Motion Sickness is an unpleasant feeling that most of us have experienced at some point while travelling. An exciting journey can quickly change from fun to miserable if you experience this physiological response to motion.
Motion sickness occurs when our body, inner ear and eyes send differing information to our brain. An example of this is when we are on a boat. Our inner ear senses the motion, but our eyes do not see movement. Motion Sickness can occur when travelling by air, car, train, boat or even while watching a 3D movie.
Who is most at risk?
Children two -12 years old
Those who are prone to nausea and vomiting
Women more than men; particularly women who are pregnant, menstruating or taking hormones
Travellers taking certain prescription medications
- feeling ‘unwell’
- increased salivation
Prevention is ideal to ensure you do not experience motion sickness in the first place. Here are some things you can do before and while you are travelling:
Avoid moving your head as much as possible
Expose yourself to fresh air if accessible
Avoid heavy meals and alcohol before and during travel
Avoid strong odours
Look out the window in the direction you are travelling. This can help with visual affirmation of motion and align the inner ear and visual sensory input.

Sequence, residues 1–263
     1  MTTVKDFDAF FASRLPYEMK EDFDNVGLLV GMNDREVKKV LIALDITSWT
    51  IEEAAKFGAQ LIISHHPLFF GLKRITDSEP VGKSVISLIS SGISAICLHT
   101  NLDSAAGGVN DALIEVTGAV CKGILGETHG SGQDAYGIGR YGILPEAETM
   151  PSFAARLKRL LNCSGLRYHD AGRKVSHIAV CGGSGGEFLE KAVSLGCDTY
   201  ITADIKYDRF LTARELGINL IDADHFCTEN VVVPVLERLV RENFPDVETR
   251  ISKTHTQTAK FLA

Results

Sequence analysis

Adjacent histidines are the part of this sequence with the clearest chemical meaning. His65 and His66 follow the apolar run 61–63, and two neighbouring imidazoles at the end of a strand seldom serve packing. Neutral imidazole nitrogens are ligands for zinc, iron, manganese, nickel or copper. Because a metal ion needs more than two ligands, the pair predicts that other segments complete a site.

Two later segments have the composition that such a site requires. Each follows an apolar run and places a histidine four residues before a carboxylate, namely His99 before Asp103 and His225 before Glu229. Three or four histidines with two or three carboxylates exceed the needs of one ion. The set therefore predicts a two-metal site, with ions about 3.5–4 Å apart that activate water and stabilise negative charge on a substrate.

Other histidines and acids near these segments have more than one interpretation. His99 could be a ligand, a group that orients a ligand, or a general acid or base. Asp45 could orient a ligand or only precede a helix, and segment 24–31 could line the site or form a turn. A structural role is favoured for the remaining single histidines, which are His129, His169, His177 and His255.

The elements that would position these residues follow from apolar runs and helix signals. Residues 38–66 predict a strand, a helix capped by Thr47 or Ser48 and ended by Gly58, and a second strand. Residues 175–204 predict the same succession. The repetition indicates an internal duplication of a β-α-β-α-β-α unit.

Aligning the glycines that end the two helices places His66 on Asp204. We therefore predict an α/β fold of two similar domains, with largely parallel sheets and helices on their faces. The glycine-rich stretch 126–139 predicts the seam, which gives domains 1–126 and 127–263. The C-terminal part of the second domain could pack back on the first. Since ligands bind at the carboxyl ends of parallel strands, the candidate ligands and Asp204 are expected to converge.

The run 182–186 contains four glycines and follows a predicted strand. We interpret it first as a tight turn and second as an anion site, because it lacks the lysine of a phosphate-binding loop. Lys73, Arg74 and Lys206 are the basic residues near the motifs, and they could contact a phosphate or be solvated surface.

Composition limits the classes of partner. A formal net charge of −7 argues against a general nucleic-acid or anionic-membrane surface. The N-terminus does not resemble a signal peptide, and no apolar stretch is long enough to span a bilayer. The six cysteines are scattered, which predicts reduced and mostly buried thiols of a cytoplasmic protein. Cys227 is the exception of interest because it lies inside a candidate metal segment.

In a car, sit in the front seat and avoid watching screens or reading a book
Watch the horizon and go out on deck when travelling by boat or ship – Arrange a cabin near the centre and at the waterline of the ship
When booking air travel, choose a window seat near the wings
Sleeping or closing your eyes while travelling
Sipping ginger ale or ginger tea may decrease motion sickness
Taking Dimenhydrinate (Gravol) 30-60 minutes before departure.
According to Bernice Li, Registered Pharmacist at Pharmasave Kitsilano, it is best to take Dimenhydrinate (Gravol) 30-60 minutes before travel as it is most effective when taken before exposure.
Acupressure – There is no conclusive evidence Sea Bands help with motion sickness but if you are prone to motion sickness you it may be something to try preventatively. Ensure you follow the manufacturers recommendations. Correct band placement is essential.
Medication: Dimenhydrinate (Gravol) is available in liquid, chewable tablet and suppository form. Suppositories are recommended if your child is vomiting. A medication trial at home before you leave can ensure your child will not experience any side effects if it is the first time Gravol will be consumed.
- Dose: 2-6 years, 15-25mg every 6-8 hours
- Dose: 6-12 years, 30-50mg every 6-8 hours
Medication: Gravol is available in (chewable) tablets and suppository.
- Adult dose: 50 mg every 4-6 hours
Side effects of Dimenhydrinate may be drowsiness and dry mouth.
Scopolamine trans dermal patches are available for adults only and can provide protection for up to 72h. Check with a pharmacist or your family doctor before using Scopolamine to ensure it is a suitable option with your health history and medications.
Check with a pharmacist or family doctor to ensure you obtain the safest option during your pregnancy.
Tips to take away!
Prevention is the best approach to avoiding motion sickness – so plan ahead!